Resveratrol prevents fat accumulation in livers of 'alcoholic' mice

USF study shows substance found in grapes, red wine, peanuts, may prevent alcoholic fatty liver disease

L to R: Study authors Christopher Rogers, Min You (senior author) and Xiaomei Liang are researchers in the USF Department of Molecular Pharmacology and Physiology.

BETHESDA, Md. (Oct. 14, 2008) − The accumulation of fat in the liver as a result of chronic alcohol consumption could be prevented by a compound called resveratrol, according to a new study with mice conducted at the University of South Florida. The research found that resveratrol reduced the amount of fat produced in the liver of mice fed alcohol and also increased the rate at which fat within the liver is broken down.

Resveratrol is present in grapes, peanuts, berries and in red wine.

Chronic alcohol consumption causes fat to accumulate and can lead to liver diseases, including cirrhosis and fibrosis of the liver. It can also result in liver failure.

The study points to resveratrol as a possible treatment for alcoholic fatty liver disease, and as a way to prevent the disease in those who are at risk, but have not developed it.

Other research with mice has suggested resveratrol may have anti-cancer and anti-inflammatory properties. There is also evidence that it has cardiovascular benefits. However, these findings have not been extended to humans.

The study, “Resveratrol alleviates alcoholic fatty liver in mice,” was conducted by Joanne M. Ajmo, Xiaomei Liang, Christopher Q. Rogers, Brandi Pennock and Min You, all of the USF Health’s Department of Molecular Pharmacology and Physiology. The study appears in the American Journal of Physiology-Gastrointestinal and Liver Physiology, published by The American Physiological Society.

Activates cell signalers
The study builds on previous research, which suggests that alcohol inhibits two molecules that play a role in cell signaling and the breakdown of fats in the liver: AMP-activated protein kinase (AMPK) and sirtuin 1 (SIRT1). When alcohol inactivates AMPK and SIRT1, it allows fat to accumulate. Resveratrol does the opposite — activating AMPK and SIRT1, and helping to clear out fat.

In this study, the authors wanted to find out more about how this happens, at the molecular level. They divided mice into groups and fed all of them a low-fat diet. Some mice had resveratrol in their diet, some had resveratrol plus ethanol (alcohol), some had ethanol alone and some had neither ethanol nor resveratrol. The researchers used two different dose levels of resveratrol. At the end of the experiment, they examined the livers of the mice.

The researchers found, as they had expected, that resveratrol treatment increased the expression of SIRT1 and stimulated the activity of AMPK in the livers of mice fed alcohol. They further found that the increased expression of SIRT1 and AMPK led to:

• Reduction of sterol regulatory element binding protein (SREBP-1)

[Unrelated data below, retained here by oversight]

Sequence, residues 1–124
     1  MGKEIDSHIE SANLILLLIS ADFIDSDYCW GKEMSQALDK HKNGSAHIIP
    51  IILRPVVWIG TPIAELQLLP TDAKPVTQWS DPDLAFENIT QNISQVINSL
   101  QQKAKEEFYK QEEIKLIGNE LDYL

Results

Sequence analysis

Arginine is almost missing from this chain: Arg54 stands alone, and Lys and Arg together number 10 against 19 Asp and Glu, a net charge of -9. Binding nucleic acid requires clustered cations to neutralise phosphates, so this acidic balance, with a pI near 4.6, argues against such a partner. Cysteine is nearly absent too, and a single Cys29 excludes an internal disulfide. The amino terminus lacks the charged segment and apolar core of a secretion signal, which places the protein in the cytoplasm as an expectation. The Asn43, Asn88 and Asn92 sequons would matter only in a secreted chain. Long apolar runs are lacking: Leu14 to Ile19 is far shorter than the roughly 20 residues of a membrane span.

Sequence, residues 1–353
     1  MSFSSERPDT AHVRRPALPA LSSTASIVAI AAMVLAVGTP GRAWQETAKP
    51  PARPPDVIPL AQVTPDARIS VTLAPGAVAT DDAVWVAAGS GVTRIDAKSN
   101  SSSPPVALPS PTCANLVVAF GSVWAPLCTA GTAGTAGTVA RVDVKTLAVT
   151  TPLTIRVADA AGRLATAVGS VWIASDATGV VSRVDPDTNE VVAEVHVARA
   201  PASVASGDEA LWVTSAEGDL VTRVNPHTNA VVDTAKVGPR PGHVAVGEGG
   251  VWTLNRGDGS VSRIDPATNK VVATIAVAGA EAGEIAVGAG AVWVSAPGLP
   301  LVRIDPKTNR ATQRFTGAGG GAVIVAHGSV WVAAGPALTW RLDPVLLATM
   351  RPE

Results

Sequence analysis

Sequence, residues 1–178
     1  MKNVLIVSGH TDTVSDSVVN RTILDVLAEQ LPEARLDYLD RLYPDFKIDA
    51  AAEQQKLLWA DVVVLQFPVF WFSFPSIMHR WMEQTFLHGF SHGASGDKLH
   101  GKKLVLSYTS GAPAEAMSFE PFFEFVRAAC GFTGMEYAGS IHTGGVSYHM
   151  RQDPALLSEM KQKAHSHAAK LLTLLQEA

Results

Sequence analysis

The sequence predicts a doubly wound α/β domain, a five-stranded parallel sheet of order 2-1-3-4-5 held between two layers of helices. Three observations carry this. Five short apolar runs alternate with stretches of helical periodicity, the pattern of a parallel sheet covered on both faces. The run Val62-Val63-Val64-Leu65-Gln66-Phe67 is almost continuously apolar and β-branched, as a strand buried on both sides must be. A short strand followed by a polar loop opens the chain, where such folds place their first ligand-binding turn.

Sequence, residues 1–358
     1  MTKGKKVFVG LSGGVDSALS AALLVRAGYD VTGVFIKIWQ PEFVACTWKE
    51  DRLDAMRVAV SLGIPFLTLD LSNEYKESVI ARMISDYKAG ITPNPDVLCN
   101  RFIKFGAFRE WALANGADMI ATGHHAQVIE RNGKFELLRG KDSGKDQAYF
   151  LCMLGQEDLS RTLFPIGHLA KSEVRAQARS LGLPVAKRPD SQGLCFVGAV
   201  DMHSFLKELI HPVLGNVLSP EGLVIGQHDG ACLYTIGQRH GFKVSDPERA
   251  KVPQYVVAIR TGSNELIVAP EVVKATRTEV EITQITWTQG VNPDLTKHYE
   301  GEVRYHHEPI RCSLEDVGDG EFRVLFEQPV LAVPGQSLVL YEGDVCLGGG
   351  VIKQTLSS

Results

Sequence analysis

• Activation of peroxisome proliferator-activated receptor gamma co-activator alpha (PGC-1α)
• Elevation of circulating adiponectin, a hormone produced by fat cells, which helps control obesity
• Enhanced expression of adiponectin receptors in the liver, which increases the effectiveness of the circulating adiponectin.

The findings suggest that resveratrol prevents alcoholic fatty liver by coordinating molecules that control fat metabolism. This prevents accumulation of fat in the mouse liver by both reducing the production of fat and burning off the fat that is there.

“Interestingly, the combination of alcohol with resveratrol appears to enhance the positive effects of resveratrol,” said Dr. You, the study’s senior author. “Our study suggests that resveratrol may serve as a promising agent for preventing or treating human alcoholic fatty liver disease.”

The study was supported by a grant from the National Institute on Alcoholism and Alcohol Abuse.

– About USF Health –

USF Health is dedicated to creating a model of health care based on understanding the full spectrum of health. It includes the University of South Florida’s colleges of medicine, nursing, and public health; the schools of biomedical sciences as well as physical therapy & rehabilitation sciences; and the USF Physicians Group. With more than $360 million in research grants and contracts last year, USF is one of the nation’s top 63 public research universities and one of 39 community-engaged, four-year public universities designated by the Carnegie Foundation for the Advancement of Teaching. For more information, visit www.health.usf.edu

– About the American Physiological Society –

Physiology is the study of how molecules, cells, tissues and organs function to create health or disease. The American Physiological Society (www.The-APS.org/press) has been an integral part of this scientific discovery process since it was established in 1887.

– Photo by Eric Younghans, USF Health Communications